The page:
The air was charged; molecules brushed against my skin singing for joy.
“Yes,” I replied. Tears pricked my eyes.
“How was it?” she asked.
“So easy,” I whispered.
Her forehead rumpled. I took a breath and repeated myself in a louder voice, “So easy. I just forgot to smoke.”
“Yes. I’d plan to have a cigarette at lunch and forget them in my desk. Or I’d forget while I was waiting at the bus.” I shrugged. “At first I was afraid: How could I forget to smoke? Then I realized it was a good thing so I just stopped.
“It’s what we discussed,” I said.
“Yes?” she asked.
“If I have a vocation, then quitting would be possible,” I replied.
“True,” she nodded. “Most young women find it more difficult.”
I lowered my head. How do I tell her? I mutely asked my Friend. The air sang about me. Oh well. I suppose just the truth.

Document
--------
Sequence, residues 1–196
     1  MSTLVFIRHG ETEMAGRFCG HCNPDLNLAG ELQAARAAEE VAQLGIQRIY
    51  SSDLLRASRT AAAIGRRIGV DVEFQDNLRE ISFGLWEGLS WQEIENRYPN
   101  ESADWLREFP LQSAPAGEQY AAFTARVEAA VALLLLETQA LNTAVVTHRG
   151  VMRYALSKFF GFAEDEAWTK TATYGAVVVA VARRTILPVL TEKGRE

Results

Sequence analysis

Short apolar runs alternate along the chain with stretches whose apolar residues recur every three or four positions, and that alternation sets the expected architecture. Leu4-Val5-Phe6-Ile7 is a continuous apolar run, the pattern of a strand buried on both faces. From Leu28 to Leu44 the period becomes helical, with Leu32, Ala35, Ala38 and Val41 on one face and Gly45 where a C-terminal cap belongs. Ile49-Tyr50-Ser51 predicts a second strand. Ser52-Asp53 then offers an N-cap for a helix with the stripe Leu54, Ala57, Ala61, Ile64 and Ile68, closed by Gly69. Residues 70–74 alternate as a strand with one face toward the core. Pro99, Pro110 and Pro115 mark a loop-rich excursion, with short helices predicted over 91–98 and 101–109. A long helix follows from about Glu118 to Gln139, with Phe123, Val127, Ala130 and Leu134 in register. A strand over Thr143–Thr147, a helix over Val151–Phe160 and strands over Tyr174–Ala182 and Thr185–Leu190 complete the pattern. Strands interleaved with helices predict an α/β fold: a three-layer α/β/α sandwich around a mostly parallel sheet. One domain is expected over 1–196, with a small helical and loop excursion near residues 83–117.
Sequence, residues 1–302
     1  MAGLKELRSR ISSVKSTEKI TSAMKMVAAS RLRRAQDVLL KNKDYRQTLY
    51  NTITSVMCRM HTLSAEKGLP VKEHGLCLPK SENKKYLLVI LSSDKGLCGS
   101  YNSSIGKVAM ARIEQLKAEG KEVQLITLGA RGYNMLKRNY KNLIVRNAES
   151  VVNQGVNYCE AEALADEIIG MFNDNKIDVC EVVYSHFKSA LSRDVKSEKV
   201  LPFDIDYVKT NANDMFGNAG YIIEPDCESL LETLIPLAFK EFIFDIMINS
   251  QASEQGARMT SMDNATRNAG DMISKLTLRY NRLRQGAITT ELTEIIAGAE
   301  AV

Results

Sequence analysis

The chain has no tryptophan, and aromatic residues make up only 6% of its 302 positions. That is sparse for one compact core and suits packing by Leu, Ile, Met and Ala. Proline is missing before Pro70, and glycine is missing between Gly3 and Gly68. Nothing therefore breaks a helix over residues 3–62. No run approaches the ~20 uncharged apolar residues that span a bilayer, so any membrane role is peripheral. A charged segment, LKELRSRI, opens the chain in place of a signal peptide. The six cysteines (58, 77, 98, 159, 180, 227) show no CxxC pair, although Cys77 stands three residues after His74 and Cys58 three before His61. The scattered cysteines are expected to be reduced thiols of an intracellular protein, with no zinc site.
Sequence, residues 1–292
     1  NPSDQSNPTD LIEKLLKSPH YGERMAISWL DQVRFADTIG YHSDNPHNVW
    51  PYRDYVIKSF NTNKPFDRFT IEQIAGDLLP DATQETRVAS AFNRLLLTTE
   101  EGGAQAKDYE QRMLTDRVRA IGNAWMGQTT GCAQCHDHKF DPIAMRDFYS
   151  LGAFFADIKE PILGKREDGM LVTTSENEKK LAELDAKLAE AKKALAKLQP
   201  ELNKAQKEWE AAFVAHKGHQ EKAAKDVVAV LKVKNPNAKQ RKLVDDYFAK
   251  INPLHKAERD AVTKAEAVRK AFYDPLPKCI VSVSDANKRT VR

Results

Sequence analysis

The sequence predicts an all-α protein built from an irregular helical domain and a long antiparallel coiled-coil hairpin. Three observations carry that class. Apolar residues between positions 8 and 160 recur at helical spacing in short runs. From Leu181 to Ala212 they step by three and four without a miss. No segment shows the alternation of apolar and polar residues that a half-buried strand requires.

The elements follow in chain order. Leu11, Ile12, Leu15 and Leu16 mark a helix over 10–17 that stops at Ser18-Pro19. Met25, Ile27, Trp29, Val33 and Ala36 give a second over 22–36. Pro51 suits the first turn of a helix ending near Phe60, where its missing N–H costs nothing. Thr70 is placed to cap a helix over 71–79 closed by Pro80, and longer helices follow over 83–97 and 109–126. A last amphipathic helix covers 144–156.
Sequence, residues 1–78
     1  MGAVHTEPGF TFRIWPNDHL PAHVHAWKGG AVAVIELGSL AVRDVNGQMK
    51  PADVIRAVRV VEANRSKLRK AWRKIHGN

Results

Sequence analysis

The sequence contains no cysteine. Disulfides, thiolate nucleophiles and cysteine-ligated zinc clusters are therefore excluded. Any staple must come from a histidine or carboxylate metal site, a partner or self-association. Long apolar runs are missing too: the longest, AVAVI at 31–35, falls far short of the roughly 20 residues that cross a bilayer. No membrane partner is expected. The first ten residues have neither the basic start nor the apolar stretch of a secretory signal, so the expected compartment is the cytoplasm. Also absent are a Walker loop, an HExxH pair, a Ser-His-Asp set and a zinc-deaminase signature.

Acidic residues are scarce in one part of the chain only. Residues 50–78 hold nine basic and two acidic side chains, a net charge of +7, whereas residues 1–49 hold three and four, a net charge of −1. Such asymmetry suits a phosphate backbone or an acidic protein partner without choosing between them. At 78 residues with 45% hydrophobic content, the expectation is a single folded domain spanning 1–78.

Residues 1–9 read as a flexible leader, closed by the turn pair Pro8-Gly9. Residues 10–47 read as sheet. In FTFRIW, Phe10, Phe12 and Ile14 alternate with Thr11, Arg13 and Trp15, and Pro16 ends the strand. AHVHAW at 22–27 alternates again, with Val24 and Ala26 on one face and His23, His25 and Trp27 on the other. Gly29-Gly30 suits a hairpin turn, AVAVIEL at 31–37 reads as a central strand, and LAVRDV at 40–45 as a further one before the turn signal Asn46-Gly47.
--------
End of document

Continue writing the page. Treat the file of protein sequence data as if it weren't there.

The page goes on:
“My life often goes that way,” I replied. “I pray and want and pray some more and even try to make myself be different. Then I just forget to poke at myself and one day, the change I want just happens. How varies. But the change happens.”
Mother Veronica Mary smiled, “How are you doing with your biography?”
“That’s hard,” I said shaking my head. “There’s so much. It’s daunting.”
“Perhaps Sister Justin Mary would be of help,” she suggested.
I shuddered. “Perhaps,” I said.
“Think about it,” she said. “And don’t be afraid to ask her for help. Remember, if you really have a vocation…”
I gave her a tight-lipped smile and nodded, “Yes. If I don’t get it in a few days, I’ll ask her.”